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'Don Jeb' makes legislators an offer they can't refuse

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Dirty Hippie Donating Member (1000+ posts) Send PM | Profile | Ignore Sun Jul-20-03 01:09 PM
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'Don Jeb' makes legislators an offer they can't refuse

Waking from his slumber, he discovers a gruesome sight: a horse's head, severed and lying next to him. He cries out in terror, "Governor, please forgive me! I will never go against the family again!"

This isn't a scene from the movie "The Godfather," but the political equivalent of it.


Florida has a governor and a Legislature with two chambers. Each of these has a responsibility to deliberate policy in the best interest of Florida's citizens. But recent behavior by Florida's godfather ... er, governor ... suggests that his insistence on a $250,000 cap on noneconomic damages has less to do with good policy than rewarding his insurance industry contributors and getting even with his enemies. At a recent luncheon in Orlando, the governor claimed that those who represent Floridians in malpractice cases were "the No. 1 interest group in the country that is opposed to the president ... and Republican principles."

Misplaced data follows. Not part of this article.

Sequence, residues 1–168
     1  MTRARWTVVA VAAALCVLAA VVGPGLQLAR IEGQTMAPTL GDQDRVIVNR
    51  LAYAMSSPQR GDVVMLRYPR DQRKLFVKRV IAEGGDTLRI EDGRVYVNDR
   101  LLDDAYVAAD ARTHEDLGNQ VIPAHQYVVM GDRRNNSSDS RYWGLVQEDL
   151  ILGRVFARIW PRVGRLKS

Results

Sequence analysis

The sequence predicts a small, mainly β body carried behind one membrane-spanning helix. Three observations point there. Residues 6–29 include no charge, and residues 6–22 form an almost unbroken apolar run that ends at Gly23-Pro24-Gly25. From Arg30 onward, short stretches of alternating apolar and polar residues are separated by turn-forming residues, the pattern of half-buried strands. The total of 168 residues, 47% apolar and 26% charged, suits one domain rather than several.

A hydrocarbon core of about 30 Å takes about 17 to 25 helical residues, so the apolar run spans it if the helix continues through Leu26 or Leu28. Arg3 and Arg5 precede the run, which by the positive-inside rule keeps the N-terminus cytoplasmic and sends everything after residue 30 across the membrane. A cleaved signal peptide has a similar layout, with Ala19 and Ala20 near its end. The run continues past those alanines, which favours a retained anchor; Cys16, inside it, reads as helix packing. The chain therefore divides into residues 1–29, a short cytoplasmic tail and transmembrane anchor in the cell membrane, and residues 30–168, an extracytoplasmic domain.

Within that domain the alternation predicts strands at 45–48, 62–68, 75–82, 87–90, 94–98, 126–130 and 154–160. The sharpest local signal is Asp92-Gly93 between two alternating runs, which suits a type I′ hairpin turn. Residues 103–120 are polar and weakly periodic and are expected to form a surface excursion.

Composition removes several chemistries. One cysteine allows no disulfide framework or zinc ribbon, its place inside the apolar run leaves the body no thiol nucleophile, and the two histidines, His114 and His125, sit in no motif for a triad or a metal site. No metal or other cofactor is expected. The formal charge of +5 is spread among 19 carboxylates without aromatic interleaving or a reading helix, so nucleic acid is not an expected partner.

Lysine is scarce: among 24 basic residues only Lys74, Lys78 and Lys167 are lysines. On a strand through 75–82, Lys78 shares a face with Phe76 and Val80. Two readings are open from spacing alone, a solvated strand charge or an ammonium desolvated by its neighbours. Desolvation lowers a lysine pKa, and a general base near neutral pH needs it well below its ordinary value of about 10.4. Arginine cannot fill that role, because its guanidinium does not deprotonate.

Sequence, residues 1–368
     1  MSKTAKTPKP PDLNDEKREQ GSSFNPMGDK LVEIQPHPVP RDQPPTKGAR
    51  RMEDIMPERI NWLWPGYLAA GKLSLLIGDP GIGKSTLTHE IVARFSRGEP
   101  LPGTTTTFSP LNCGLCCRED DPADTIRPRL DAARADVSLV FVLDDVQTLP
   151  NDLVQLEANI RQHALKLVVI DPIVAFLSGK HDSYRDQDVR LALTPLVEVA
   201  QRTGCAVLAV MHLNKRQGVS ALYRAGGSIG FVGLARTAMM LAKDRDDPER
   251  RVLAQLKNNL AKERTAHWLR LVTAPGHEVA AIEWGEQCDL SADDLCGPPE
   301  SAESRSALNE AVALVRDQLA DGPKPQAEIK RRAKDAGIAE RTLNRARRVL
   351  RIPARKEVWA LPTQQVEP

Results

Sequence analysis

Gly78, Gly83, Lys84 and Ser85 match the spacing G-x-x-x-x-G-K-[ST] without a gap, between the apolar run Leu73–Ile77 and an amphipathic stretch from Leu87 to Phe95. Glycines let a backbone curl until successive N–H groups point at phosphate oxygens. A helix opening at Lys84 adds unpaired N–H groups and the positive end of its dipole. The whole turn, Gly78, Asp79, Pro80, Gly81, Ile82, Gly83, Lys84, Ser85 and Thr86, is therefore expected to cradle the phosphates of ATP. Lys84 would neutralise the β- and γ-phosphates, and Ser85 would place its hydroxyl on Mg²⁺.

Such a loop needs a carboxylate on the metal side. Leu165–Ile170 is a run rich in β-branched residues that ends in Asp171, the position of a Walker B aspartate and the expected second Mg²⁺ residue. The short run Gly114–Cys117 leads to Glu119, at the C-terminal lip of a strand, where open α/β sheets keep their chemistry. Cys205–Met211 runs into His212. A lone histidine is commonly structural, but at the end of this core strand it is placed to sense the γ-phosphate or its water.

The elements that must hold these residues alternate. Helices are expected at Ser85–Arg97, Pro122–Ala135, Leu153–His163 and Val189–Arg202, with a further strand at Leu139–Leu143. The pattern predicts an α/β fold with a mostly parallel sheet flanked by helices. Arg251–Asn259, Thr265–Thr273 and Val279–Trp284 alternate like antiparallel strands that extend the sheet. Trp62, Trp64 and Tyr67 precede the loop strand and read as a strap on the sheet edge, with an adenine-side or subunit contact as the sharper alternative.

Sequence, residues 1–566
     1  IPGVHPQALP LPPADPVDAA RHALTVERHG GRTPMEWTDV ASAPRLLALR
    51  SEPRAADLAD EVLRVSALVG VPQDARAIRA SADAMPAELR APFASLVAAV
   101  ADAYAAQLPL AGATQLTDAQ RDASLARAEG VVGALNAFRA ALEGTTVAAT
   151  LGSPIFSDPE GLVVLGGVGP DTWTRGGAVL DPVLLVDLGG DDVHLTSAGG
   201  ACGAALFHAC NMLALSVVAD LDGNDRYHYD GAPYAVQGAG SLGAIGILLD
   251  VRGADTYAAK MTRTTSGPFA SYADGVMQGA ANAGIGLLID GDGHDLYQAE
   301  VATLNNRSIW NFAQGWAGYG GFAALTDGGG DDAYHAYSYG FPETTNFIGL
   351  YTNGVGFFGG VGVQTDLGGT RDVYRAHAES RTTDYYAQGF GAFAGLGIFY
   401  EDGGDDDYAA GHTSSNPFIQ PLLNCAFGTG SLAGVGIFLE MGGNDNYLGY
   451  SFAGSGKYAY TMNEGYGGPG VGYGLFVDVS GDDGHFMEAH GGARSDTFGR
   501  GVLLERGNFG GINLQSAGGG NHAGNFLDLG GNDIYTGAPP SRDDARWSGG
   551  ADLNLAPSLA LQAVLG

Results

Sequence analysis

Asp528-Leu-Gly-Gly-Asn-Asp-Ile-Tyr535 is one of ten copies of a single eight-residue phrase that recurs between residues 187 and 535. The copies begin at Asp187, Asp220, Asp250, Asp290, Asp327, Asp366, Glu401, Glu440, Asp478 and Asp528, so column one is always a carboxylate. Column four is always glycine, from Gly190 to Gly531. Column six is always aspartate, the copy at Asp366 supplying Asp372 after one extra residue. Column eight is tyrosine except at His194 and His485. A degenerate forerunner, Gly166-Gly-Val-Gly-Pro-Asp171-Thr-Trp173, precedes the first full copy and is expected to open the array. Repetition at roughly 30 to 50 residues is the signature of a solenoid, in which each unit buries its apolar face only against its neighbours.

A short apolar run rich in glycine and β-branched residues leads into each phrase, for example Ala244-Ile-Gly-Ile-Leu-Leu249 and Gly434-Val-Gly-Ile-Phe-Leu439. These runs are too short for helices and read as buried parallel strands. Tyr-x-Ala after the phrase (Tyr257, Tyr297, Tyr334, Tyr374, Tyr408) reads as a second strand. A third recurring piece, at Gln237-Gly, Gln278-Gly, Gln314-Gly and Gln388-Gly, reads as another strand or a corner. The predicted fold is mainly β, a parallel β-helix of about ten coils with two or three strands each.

Even many Republicans agree that the governor's motives are suspect. Sen. Tom Lee, R-Brandon, said, "It led some of us to believe this is a very personal vendetta for those of us who don't make policy decisions that way."

And Republicans are questioning Bush's strong-arm tactics. Sen. Nancy Argenziano, R-Dunnellon, said, "even though he's in my party, he is not King Jeb the First."
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teryang Donating Member (1000+ posts) Send PM | Profile | Ignore Sun Jul-20-03 01:27 PM
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1. Re: Prince John Ellis Bush
<But it gets worse. The governor's position on medical malpractice is based on erroneous data. Under oath during last week's Senate Judiciary Committee hearings, insurance company president Robert White admitted that Florida is one of his company's most profitable states, and would remain profitable even without caps on noneconomic damages. He also conceded that, due to statutes enacted in 1988, frivolous lawsuits in Florida are a thing of the past. White's sworn testimony is in stark contrast to the insurance industry's cries that frivolous lawsuits are driving them out of business.>

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